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Movie Reviews: All About Steve, Loren Cass, Ink, Walt & El Grupo 

Also, Sandstorm, No Impact Man, Gamer and more

Thursday, Sep 10 2009
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GO  ALL ABOUT STEVE In this refreshingly quirky comedy, Sandra Bullock is Mary Horowitz, a Sacramento crossword–puzzle writer who is geeky and hyperactive and generally too much to bear. When her parents fix her up with a handsome cable-news cameraman named Steve (Bradley Cooper), Mary pounces but quickly scares him away with talk of “destiny.” Undeterred, she begins following Steve and a washed-up reporter (Thomas Haden Church) as they head across America, covering ratings-grabbers such as a baby with three legs and a mineshaft cave-in that has stranded a dozen hearing-impaired children. Writer Kim Barker (License to Wed) and first-time director Phil Traill aren’t afraid of big jokes (deaf kids down a well), but they also pay attention to the small details of character. As if to suggest that Mary finds solace in a nerd-friendlier time, her bedroom décor is strictly 1969-70, while her much-discussed go-go boots are a seeming nod to the goofy brainiac Barbra Streisand portrayed in On a Clear Day You Can See Forever (1970). Although Bullock initially struggles with a character she’s probably too old to play, she ultimately makes Mary funny and sympathetic without softening her innate weirdness. The actress also earns points for daring to co-produce a Hollywood comedy that isn’t about a wedding. (Citywide) (Chuck Wilson)   

ART & COPY Since his 1996 grunge-rock documentary Hype!, Doug Pray has become an even more adept assembler of polished images. And where else would that tendency lead but to the world of advertising? Most filmmakers moonlight in the field, but here, Pray trains his camera on the guys behind the ads — the ’60s boomer revolutionaries who advanced the field out of the Mad Men era. And so we learn of how those famous VW ads from Doyle Dane Bernbach came to be, about George Lois’ groundbreaking art design for Esquire, and the use of pop songs (like the Carpenters’ “We’ve Only Just Begun”) by Hal Riney, later the voice of Reagan’s “Morning in America” campaign. These guys, their work — it’s genius, at least to anyone not offended by art (the image) and copy (the words) designed to sell. Yet however stirring these vintage campaigns and their graying creators may be for ad junkies and nostalgists, Pray fails at analysis: His film is simply a tribute. Random statistics — kids see 20,000 TV ads per year; 30 seconds on American Idol costs $750,000 — mean nothing without context. And linking the ad biz to cave art (?!?) — well, that’s just idiotic. Everyone quoted here, and perhaps Pray himself, wants to be seen as an artist. But in this economy, those of us who pay for ordinary stuff may not be so inclined to worship this particular art form. (Sunset 5) (Brian Miller)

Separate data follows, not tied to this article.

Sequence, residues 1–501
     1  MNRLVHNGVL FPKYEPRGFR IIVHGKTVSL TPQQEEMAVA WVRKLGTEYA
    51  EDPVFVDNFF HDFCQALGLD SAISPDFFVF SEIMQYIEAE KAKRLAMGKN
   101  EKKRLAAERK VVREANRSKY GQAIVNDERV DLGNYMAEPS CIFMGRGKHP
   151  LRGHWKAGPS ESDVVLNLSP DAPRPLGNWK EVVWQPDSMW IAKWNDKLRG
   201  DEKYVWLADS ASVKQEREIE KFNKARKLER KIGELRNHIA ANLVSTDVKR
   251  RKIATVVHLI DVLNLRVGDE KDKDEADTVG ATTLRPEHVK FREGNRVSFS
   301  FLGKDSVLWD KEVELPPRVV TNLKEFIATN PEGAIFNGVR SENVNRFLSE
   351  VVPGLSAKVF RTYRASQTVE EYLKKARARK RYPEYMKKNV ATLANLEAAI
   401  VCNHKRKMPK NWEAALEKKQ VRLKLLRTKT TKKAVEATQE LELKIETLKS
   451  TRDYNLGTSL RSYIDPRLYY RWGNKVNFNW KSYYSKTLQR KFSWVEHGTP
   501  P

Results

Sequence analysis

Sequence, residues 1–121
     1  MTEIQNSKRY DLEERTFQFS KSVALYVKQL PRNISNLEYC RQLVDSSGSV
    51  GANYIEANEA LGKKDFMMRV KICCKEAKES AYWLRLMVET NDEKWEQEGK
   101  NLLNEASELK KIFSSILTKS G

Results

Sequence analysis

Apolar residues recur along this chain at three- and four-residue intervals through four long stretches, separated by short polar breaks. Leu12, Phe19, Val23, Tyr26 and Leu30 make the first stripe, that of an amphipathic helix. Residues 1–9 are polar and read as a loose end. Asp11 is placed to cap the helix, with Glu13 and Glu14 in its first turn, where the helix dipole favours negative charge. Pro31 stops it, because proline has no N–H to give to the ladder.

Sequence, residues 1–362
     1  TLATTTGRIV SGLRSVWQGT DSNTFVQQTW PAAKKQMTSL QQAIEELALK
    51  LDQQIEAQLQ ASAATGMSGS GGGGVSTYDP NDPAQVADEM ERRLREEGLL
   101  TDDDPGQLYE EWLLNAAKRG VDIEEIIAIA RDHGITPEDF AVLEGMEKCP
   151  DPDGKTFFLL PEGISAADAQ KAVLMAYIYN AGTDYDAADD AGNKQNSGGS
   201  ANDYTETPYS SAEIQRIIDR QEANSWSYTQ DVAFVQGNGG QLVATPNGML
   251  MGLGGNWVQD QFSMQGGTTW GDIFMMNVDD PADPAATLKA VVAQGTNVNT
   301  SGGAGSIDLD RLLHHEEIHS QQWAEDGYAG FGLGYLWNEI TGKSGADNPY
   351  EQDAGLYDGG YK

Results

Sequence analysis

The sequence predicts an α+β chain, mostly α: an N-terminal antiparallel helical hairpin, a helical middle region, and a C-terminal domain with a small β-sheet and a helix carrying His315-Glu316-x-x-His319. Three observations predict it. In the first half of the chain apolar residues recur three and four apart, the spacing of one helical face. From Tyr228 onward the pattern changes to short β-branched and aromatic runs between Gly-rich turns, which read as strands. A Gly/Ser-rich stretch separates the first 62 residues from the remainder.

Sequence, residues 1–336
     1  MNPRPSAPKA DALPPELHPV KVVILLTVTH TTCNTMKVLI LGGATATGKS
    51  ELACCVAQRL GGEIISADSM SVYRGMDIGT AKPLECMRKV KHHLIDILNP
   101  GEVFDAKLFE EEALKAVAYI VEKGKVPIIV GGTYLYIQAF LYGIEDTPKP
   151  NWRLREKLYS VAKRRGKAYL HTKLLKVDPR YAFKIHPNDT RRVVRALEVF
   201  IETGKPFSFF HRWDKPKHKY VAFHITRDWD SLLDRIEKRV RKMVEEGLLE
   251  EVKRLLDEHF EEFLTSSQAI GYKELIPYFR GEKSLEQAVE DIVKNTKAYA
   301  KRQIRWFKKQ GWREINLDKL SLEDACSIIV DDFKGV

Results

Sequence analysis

BEYOND A REASONABLE DOUBT Of his empty, completely unnecessary remake of Fritz Lang’s 1956 thriller, writer-director-cinematographer-producer Peter Hyams explains in the press notes, “I wanted to make almost a classic film noir, except I wanted it with young people; I didn’t want it with grown-ups.” Parsed further, “almost a classic film noir” means an especially twisty episode of CSI; “young people” includes the shirtless gardener from Desperate Housewives and the ectomorphic doofus who shills for cell phones and Best Buy; “grown-ups” equals Michael Douglas collecting a paycheck. Set in Shreveport, Louisiana, Beyond a Reasonable Doubt finds ambitious TV reporter C.J. Nicholas (Jesse Metcalfe), aided by his smart-aleck colleague (Joel David Moore), hatching a convoluted plan in which he implicates himself in a murder to prove that a slick D.A. vying for governor (Douglas) — whose assistant (Amber Tamblyn) is sleeping with C.J. — is manipulating evidence. Lang’s film, the last he made in the U.S., exposed the immorality of the death penalty; Hyams’ retread offers only more plot and longer, louder car chases. Though she’s the youngest of the principals, 26-year-old Tamblyn (as anyone who saw her incredible performance in 2006’s Stephanie Daley can attest) proves she is the only one who can act like an adult. (Citywide) (Melissa Anderson)

BIG FAN It takes considerable effort to make Darren Aronofsky seem like a model of restraint, but Robert Siegel pulls it off in Big Fan. Siegel’s screenplay for The Wrestler insisted on beating down Mickey Rourke at every turn, but Rourke’s performance and Aronofsky’s grounding direction fended off the almost comically over-the-top cavalcade of bad shit. In his debut as writer-director, Siegel grinds down on rather than grounds his protag. Paul (Patton Oswalt) is a parking-garage attendant whose only pleasure is his nightly AM sports-radio call, on which he valiantly defends the Giants against Philly fans. Paul lives in Staten Island with his mother (Marcia Jean Kurtz), a shrieking harridan. We quickly understand that Paul’s brother, Jeff (Gino Cafarelli), is no good because of his thick Guido accent, and that his wife (Serafina Fiore) is equally worthless because of her orange Real Housewives of New Jersey tan. Things go massively awry when, through a series of events that involve a Times Square strip club, Paul inadvertently gets his QB idol suspended. Mental anguish ensues. Flawed though it was, this year’s Observe and Report — another outsider black comedy — had the guts to present Seth Rogen’s sociopathic mall cop without excuse or rationalization; the laughs came from the gap between his scary void and the reality around him. Big Fan instead chooses to beat up its clueless center so that we’ll like him more, and then surround him with familiar stereotypes to make him look more authentic. (Nuart) (Vadim Rizov)

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